The phrase is made of two words and it can be found just about anywhere. It can be used too much and too little. It is a simple gesture of gratitude.
But 'thank you' now means something more to John Stumpf.
"Whether it's to a spouse or it's to someone who holds the door open for you, I think it's two of the greatest words you can say," Stumpf said. "There's probably one other important phrase is marriage. That's learning to say 'I'm sorry.'"
Spending much of his life working for Old National setting up trust funds and retirement accounts for his clients, Stumpf has heard the appreciative phrase a time or two. The joy-loving man also serves for the Public Education Foundation of Evansville. He also continues to help out with his college fraternity. Despite a lack of free time, Stumpf will always find the occasion to pay it forward without ever expecting to be paid back.
"I opened up the mailbox and there's this letter," Stumpf said. "I read it about half way through and I was floored. I walked out of my kitchen area. I told my wife 'you're not going to believe what's in this letter.'"
The letter crossed over several time zones and spanned three decades. The author's purpose was to say those two little words: thank you. Postmarked from the Marianna Islands, the letter came from a man who used to live near Stumpf.
"I'm not sure if you remember me," the author wrote. "But you offered to repair a car stereo for me. I was a punk kid at the time and with the unit not operating properly, I was reluctant to pay the additional monies owed, not realizing at the time you had gone out of your way to help me, asking for nothing in return. The bottom line is, it had nothing to do with the unit. You had offered your assistance and labor out of your good nature. I'm sorry for not being more respectful of that situation and I'd like to take the time to thank you for making the effort to help me."
"It came from the Marianna Islands and that's what made me think it was an advertisement," Stumpf said. "I actually thought it was a travel log or something."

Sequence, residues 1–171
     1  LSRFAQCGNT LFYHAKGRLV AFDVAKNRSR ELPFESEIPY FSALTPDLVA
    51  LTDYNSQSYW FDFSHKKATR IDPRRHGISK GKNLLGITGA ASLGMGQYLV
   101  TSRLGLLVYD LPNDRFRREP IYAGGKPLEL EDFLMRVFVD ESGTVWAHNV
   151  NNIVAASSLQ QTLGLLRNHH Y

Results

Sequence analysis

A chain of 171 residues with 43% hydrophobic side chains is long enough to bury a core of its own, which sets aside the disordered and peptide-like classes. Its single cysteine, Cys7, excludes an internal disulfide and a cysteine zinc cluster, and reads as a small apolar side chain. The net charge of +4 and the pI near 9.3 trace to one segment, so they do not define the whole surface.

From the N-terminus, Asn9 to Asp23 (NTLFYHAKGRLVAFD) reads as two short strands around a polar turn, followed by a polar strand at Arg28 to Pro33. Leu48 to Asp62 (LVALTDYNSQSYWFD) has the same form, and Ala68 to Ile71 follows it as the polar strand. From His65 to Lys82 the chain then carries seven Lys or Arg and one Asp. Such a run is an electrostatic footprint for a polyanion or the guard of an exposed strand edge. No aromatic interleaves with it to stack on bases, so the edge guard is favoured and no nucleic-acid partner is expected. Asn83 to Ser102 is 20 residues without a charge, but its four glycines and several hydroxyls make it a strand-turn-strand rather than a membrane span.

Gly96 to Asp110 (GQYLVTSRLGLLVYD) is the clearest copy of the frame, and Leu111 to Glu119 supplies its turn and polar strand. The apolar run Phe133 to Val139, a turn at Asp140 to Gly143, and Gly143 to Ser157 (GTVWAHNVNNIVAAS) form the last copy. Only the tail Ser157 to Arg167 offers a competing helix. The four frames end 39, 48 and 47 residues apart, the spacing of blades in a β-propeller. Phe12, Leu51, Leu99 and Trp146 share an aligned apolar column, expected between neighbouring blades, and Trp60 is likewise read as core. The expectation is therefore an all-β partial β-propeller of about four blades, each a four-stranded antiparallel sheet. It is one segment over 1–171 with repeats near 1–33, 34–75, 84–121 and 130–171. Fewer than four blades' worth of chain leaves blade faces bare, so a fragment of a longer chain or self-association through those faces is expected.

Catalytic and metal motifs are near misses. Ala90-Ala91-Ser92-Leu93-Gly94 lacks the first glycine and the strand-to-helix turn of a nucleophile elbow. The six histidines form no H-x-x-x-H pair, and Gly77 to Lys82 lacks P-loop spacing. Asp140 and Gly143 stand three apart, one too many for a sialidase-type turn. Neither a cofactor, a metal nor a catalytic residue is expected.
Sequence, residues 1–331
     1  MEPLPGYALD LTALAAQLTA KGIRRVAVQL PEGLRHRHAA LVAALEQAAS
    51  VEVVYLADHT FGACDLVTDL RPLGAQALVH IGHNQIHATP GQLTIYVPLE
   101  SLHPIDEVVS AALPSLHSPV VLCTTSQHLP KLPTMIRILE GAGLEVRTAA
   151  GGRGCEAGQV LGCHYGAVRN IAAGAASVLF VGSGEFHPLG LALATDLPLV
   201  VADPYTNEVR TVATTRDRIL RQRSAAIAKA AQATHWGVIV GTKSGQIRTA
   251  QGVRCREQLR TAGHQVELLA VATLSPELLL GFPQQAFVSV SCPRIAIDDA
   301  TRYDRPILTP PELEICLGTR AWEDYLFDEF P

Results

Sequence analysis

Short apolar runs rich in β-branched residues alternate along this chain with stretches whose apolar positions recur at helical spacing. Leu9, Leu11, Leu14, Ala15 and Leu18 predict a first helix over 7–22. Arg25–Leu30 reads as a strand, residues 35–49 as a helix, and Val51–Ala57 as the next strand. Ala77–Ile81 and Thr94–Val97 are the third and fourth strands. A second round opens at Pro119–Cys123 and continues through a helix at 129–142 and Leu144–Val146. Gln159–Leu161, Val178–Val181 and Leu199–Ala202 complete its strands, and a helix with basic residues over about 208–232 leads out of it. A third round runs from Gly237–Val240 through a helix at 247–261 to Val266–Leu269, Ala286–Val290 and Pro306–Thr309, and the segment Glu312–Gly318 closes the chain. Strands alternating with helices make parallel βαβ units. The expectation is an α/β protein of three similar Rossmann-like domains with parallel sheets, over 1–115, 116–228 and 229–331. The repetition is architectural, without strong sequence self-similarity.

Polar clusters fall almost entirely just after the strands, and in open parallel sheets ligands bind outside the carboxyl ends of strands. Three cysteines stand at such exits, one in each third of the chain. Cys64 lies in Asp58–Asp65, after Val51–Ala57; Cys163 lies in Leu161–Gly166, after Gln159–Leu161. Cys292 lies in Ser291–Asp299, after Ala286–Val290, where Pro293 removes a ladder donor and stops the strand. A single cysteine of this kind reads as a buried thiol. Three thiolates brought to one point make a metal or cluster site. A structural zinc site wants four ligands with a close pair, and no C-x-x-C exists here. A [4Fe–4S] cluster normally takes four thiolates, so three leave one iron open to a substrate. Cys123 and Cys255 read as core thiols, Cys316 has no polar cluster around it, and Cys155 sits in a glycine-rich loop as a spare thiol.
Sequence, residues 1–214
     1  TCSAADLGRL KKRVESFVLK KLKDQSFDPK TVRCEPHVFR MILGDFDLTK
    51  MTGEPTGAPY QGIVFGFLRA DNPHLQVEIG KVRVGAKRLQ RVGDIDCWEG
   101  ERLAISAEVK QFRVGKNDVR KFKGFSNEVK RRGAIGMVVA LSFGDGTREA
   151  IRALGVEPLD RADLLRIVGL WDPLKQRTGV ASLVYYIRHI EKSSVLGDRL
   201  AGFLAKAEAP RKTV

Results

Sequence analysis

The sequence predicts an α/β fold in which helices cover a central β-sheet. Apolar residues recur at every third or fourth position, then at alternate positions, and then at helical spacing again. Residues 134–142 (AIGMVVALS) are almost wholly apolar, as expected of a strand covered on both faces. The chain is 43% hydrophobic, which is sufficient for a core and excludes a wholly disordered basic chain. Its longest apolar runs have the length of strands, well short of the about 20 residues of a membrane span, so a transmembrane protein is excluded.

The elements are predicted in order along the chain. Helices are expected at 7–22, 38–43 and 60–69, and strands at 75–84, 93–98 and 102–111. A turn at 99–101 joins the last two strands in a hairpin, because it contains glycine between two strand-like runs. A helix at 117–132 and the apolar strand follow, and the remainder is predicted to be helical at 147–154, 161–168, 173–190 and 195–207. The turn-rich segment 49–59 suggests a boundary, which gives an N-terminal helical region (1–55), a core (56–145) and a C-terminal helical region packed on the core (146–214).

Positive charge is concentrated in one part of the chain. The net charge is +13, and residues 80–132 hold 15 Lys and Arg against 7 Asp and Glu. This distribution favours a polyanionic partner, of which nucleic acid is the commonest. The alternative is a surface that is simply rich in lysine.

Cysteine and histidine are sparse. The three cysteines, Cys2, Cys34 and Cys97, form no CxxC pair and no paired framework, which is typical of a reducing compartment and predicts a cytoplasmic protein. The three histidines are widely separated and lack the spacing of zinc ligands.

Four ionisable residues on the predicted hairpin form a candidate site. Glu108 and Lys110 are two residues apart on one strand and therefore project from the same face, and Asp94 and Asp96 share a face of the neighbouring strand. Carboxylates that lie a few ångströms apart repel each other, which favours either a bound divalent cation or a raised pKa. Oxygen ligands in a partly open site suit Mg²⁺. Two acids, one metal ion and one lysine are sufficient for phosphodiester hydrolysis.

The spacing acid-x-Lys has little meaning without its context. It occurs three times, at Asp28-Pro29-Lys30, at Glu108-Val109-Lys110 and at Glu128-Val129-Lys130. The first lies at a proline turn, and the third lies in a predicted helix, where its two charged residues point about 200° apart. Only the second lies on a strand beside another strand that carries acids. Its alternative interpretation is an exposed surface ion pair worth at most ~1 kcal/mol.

The cassette tape died a long time ago and so did Stumpf's memory of that day... until now.
"Whether it's one year or 33 years, it doesn't make any difference in my book," Stumpf said. "Seeing another generation realize that somebody did something for them and now they wanted to acknowledge that. You'd do it without an expectation of a pay back. That's what makes it so great. That's what makes it so neat."
"It's not how much you make. It's not how well you're known. It's the people you touch and, evidently, I was lucky enough to have touched someone 33 years ago."
Fixing the car stereo is something he didn't think much about, Stumpf said. Even to this day, he enjoys tinkering around with things, especially electronics. Upon reading the letter, a memory that he had buried more than three decades ago came back to mind. The cherished letter came courtesy of the U.S. Postal Service but the gift inside came courtesy of the U.S. Mint.
"That was the biggest surprise," Stumpf said. "When I opened up that letter, all of the sudden, out fell three $100 bills. I just find it amazing that something, all of the sudden, meant so much that someone wanted to do something about it."
The bills won't stay in Stumpf's suit pocket long. Without hesitation, he and his wife decided to have the money donated to the Wounded Warrior Project.
Perhaps that's the best way of saying thank you.
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